No matter the game, no matter the teams involved, and no matter the amount of imbibing done during the tailgate, a general rule of thumb when it comes to sporting events is that the ref is biased against [insert your team’s name here].
I think we can all agree that having refs that are so clearly have no idea what they are doing is much better than the alternative — having no refs at all.
That’s what happened to Tennessee Tech and Appalachian State last night:
A large, noisy and enthusiastic crowd was in place Tuesday night for Tennessee Tech’s home opener, but the game had to be postponed when Appalachian State and the Southern Conference failed to provide game officials.
By contract, the Mountaineers were responsible for scheduling the officials since the contest was a return meeting from last year’s BracketBuster game in Boone, N.C. Tech and the OVC provided the officials for that game.
Tennessee Tech officials worked with the OVC office and the league’s director of officials to find an alternate crew but could not come up with any solutions. Now the two schools are looking at options for rescheduling the game but have not come up with any suitable dates.
Instead of watching the Golden Eagles play their home opener against a team that has already gone into Tulsa and knocked off the Golden Hurricane, Tech fans got free Pepsi and popcorn and a chance to watch people like this compete in such exciting events as dizzy bat races and t-shirt tosses.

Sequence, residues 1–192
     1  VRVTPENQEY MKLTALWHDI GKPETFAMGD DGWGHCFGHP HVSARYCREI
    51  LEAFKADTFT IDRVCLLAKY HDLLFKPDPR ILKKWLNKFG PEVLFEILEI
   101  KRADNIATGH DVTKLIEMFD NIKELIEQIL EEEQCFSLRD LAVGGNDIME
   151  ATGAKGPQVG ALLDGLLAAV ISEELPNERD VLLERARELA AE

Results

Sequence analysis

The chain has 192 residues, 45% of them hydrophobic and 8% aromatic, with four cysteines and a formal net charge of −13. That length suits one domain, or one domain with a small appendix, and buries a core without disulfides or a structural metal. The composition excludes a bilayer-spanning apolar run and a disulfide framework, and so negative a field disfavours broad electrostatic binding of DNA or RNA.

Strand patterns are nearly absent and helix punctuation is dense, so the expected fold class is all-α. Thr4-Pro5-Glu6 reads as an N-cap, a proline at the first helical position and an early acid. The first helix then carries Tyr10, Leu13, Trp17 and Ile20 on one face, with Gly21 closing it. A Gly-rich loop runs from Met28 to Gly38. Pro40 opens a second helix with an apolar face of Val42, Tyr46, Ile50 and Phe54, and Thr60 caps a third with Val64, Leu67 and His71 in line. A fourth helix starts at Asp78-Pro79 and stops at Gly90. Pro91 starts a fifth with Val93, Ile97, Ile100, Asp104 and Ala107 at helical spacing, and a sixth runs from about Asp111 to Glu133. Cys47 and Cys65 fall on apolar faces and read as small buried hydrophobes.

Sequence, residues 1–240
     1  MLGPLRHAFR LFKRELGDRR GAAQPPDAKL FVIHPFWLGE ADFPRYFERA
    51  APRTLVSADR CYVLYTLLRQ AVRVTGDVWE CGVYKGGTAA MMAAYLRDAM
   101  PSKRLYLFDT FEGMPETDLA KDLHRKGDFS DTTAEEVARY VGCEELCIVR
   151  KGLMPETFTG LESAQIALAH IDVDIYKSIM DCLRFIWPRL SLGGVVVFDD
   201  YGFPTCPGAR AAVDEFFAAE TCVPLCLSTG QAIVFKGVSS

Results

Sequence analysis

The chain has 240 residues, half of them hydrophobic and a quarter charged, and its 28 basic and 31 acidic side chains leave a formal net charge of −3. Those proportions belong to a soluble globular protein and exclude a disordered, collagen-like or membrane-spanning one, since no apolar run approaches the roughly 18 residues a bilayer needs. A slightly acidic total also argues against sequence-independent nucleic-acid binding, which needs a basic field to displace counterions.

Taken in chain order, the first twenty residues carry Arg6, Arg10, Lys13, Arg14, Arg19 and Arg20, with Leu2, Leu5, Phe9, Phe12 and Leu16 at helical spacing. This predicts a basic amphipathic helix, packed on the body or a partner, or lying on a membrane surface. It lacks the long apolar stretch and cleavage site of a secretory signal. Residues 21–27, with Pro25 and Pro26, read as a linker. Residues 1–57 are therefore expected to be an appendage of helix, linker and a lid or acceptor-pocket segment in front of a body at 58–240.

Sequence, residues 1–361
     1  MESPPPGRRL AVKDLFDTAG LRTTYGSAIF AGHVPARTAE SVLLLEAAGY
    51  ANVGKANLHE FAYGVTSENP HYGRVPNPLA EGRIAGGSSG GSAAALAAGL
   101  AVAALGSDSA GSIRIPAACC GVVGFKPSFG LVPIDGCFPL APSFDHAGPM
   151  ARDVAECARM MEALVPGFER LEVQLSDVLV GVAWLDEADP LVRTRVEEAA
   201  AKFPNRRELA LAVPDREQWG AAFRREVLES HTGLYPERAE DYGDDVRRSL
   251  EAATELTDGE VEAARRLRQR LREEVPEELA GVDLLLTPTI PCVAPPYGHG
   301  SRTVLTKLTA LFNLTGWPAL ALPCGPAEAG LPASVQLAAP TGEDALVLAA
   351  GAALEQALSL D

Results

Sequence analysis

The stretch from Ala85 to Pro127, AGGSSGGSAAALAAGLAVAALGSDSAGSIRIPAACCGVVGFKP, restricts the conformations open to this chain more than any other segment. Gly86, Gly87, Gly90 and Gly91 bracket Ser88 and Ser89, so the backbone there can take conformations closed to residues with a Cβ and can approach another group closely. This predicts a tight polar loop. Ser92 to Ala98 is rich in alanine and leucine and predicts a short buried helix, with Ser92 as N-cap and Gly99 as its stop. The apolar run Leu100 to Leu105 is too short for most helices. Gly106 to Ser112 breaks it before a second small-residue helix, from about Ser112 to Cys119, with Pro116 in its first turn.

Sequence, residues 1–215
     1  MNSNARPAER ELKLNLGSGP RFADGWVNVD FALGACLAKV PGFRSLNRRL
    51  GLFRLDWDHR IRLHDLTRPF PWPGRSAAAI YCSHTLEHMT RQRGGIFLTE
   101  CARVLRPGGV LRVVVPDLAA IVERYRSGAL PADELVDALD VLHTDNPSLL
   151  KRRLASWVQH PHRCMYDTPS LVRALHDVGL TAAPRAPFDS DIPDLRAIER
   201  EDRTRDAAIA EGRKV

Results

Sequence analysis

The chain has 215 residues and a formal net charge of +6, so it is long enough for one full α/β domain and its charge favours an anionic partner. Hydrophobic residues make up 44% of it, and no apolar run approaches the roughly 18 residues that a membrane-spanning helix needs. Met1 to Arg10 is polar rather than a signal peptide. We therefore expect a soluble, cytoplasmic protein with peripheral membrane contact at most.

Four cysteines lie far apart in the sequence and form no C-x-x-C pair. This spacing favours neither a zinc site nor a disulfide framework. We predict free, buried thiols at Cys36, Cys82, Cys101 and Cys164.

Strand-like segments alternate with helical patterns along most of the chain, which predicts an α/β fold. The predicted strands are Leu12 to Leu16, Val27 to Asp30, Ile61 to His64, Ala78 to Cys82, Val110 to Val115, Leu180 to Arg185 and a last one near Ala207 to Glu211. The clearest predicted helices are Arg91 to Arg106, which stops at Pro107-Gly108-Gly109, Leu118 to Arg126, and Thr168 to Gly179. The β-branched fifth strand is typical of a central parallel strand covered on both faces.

I’m as big a fan of dizzy bat races and t-shirt tosses and free soda and popcorn as anyone, but come on. How does this happen? I understand the mistake on Appalachian State’s part. Everyone makes mistakes, and this looks like a classic case of miscommunication.
Why couldn’t Tennessee Tech officials, you know, send a courtesy email or text or facebook message?
“Hey guys! Can’t wait to play you on Tuesday. Don’t forget, refs are on ya’ll this year. Later!”
How simple is that? Its only 94 characters. It could have been a tweet.
Have we learned our lesson guys?